If you’re asking yourself, “What clothes do I need for a newborn?” you’re not alone! Buying clothes for an infant under three months seems easy—until you are the new parent who is doing it. You’ll need the correct sizes and styles for both day and night, but you’ll also need to consider how easy it is to get your little clothes. At this early stage, the materials you choose should also be soft, comfortable and gentle on the skin.
Having a comprehensive list of newborn clothing essentials at the ready will help you save both time and money. If you’re expecting, it’ll make it easier to tell your loved ones what you need and can even help you build your registry. Explore our guide to understand which garments will make for comfy days and cozy nights. Once you know the basics, you can have fun building your Newborn’s wardrobe with seasonal colours and accessories! Check out My Baby Nursery for all your baby product needs.
What kinds of clothes do newborns need?
Clothes should be comfortable, soft and easy to take care of.
Stretchy jumpsuits that fasten at the front are best, as well as tops with envelope necks, which are easier to get over your baby’s head. Jumpsuits with zips can make dressing your baby quick and easy too.
Clothes made from cotton are a good choice. Cotton clothes will keep your baby cooler in hot weather than clothes made from synthetic fibres. Cotton also washes well and is gentle against your baby’s sensitive skin.
It’s also important to look out for clothes with a low fire hazard label. Newborn rompers and jumpsuits should have this label.
Things to Consider When Preparing Clothes for a New Baby
Babies Grow Fast
It is unbelievable how fast a baby grows during its first year of life. This is why there are five different baby clothes sizes dedicated to the first year. They are as follows:
- 0-3 mo
- 3-6 mo
- 6-9 mo
- 9-12 mo
With having five different possible sizes, a baby can wear in 1 year – that is a lot of size changes, which means they do not need many clothes at each height. It is not like an adult that may wear the same size for many years where it makes sense to have a wide variety. When a baby only wears a size for several weeks or months, it doesn’t make sense to have a massive wardrobe of each size. You will never get to wear them all.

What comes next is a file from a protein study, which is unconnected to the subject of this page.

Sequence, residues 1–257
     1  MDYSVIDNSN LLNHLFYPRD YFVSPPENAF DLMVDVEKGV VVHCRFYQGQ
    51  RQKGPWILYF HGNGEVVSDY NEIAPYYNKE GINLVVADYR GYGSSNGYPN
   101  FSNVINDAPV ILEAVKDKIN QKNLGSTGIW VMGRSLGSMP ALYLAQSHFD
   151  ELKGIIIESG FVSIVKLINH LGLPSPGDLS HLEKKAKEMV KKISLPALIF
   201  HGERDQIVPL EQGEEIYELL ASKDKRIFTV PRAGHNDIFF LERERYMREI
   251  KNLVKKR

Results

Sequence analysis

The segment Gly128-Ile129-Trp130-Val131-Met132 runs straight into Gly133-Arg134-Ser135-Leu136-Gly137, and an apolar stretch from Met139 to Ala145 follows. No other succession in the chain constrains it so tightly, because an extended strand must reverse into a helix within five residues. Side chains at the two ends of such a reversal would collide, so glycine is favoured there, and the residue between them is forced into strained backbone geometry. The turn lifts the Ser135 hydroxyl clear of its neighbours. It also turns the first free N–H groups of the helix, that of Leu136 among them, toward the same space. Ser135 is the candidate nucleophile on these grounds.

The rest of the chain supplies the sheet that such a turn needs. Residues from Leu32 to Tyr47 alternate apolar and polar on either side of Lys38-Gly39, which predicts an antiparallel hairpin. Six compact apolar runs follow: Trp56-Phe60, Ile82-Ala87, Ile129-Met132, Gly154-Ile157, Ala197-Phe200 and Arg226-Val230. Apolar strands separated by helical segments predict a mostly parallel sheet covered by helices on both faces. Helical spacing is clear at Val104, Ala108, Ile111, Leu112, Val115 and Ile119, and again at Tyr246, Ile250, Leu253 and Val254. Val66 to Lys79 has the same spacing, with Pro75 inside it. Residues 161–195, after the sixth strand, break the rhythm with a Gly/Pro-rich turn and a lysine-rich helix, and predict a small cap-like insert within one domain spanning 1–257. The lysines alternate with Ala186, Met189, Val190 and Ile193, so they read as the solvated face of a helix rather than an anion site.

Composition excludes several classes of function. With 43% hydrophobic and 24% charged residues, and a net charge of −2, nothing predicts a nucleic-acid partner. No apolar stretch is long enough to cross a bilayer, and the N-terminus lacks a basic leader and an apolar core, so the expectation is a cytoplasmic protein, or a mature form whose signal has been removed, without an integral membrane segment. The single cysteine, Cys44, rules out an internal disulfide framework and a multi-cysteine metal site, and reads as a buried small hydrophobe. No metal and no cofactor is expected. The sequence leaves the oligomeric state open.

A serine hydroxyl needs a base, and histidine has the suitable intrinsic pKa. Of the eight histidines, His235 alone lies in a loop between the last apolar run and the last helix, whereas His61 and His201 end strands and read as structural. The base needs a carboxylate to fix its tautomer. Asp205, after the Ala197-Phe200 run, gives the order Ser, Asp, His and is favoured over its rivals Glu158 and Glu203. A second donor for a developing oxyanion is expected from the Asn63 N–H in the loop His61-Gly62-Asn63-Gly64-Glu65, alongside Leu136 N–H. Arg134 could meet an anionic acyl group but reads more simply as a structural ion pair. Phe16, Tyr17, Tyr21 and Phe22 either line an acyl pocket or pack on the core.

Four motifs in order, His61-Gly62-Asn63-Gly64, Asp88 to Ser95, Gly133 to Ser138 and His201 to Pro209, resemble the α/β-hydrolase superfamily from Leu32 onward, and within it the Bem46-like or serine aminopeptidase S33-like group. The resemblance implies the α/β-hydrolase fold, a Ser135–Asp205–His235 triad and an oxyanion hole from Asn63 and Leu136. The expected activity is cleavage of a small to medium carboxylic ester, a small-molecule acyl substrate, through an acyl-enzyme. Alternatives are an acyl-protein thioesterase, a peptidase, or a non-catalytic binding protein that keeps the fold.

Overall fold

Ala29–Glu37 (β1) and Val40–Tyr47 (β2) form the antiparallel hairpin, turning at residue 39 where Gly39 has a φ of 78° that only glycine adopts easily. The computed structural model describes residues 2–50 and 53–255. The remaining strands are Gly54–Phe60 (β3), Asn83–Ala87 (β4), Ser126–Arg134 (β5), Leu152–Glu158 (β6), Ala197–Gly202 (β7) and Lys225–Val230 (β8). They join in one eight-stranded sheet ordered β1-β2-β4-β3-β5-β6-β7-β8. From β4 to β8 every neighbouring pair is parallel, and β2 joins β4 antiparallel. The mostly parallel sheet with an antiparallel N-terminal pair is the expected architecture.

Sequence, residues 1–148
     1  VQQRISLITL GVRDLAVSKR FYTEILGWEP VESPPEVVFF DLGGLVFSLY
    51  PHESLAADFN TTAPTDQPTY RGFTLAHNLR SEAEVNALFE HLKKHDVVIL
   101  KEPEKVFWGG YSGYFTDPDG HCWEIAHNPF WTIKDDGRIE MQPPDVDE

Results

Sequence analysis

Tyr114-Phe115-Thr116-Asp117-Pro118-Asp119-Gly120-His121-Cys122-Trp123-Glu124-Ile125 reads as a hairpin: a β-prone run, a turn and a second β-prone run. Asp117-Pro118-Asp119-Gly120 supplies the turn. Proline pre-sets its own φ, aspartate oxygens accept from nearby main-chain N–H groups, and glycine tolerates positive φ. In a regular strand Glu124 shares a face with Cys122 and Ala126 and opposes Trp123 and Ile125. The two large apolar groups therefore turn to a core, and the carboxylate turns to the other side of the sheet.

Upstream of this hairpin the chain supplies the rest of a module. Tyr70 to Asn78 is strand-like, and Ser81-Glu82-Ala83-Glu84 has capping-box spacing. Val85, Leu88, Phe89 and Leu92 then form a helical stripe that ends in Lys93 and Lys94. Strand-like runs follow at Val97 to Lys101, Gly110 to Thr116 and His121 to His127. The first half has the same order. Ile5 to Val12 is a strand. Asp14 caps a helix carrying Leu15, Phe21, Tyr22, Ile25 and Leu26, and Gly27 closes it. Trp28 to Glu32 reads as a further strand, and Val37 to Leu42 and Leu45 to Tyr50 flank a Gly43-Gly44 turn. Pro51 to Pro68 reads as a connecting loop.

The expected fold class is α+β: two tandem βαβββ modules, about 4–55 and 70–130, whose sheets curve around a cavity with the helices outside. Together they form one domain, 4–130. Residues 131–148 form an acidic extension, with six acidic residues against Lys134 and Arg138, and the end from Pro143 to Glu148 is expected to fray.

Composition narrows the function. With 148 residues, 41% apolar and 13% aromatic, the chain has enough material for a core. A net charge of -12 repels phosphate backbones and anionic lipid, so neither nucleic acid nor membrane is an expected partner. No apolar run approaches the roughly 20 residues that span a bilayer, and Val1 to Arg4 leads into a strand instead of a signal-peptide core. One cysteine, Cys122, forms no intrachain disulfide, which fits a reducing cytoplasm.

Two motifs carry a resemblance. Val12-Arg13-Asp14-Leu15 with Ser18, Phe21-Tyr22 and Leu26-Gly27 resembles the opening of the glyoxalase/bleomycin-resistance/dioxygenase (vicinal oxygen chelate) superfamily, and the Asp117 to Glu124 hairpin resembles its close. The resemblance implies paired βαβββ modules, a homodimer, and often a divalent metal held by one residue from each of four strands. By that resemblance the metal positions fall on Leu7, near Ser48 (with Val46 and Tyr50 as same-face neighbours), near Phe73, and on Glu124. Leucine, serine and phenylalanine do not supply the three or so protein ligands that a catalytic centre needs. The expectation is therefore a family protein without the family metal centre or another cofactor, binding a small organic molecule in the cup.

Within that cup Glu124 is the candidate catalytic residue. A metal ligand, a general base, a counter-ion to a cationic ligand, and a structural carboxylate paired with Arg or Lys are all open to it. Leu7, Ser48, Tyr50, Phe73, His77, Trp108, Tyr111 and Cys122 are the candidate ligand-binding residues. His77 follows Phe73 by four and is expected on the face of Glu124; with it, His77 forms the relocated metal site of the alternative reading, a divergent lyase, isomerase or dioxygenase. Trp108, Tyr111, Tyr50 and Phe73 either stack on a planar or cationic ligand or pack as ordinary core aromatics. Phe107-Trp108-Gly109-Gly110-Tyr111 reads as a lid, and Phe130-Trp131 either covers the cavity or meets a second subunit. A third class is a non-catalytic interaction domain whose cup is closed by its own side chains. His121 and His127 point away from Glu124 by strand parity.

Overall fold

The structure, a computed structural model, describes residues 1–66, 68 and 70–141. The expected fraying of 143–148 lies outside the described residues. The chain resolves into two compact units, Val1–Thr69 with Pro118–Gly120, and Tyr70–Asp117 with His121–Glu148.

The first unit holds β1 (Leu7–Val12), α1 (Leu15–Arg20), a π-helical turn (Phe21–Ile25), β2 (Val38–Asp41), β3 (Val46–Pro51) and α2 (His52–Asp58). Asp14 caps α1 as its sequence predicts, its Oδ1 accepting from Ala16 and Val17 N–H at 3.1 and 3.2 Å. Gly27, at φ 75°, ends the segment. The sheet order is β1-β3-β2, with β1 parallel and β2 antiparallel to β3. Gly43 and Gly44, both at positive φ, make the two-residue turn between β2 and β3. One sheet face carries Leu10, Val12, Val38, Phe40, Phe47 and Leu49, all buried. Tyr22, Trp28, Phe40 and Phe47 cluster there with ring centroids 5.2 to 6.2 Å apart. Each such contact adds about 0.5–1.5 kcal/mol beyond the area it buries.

In addition, when you compare a newborn outfit to a 9-12 month outfit, they vary greatly. However, when you reach a 0-3 mo to a 3-6 mo, they do not look different. With that said, sometimes a baby can wear the next size up and grow into it. It is ok if it is a little big and they will get more use out of it.
Baby Body Type
The next factor to consider when determining what clothes a new baby needs is the baby body type. All babies are born and grow at different paces. Many baby clothes come in sets with shirts and pants together (partly why you can get baby clothes cheaper). You might end up buying larger set sizes so the sweater would fit and the pants would be a bit big. Then they could wear the pants longer with a different shirt as well.
Different Brands, Sizes, and Styles
One of the hardest things to figure out with baby clothes is that all baby brands are different. Their sizing of clothes are different, and they have different styles.
Different brands size their clothes a bit differently. This means that a 3-6 mo clothing item may not fit the same in every brand. For instance, some Nike clothing typically runs a size smaller than most brands. Certain bands had more rectangular onesies and shirts, while others had more boxy/square tops. Next, the most frustrating part with baby clothes is when the same brand sizes their clothes differently. One outfit at a size will fit great, while another company at that same size will be too small. So the clothing styles, even in the same brand, may be different in size. This can make online shopping difficult because it is hard to see the type of outfit.
Lastly, when you buy a new brand in size for the first time, try the clothing on your baby before cutting the tags off. As annoying as it is to have a baby or toddler try on the dress, the worst is when you cut the tags off and put the clothes on the baby only to find that it is already too small or does not fit. That has happened to me many times and a waste of money because you get very few wears out of it or none at all.
After a time, once you know your baby’s body type, you will get to know different brands of clothing. Then you will find what brand of clothing you like for your child.
Season and Climate Help Determine Clothes a New Baby Needs
Depending on the time of year and the climate in which you live will help determine what clothes your new baby needs. For instance, both of my babies were born in the summer, so they lived in onesies and single body pieces for the first several months. If you live in a cool climate or your baby is born in winter, you may need some warmer clothing.
How Often Do You Want to Do Laundry?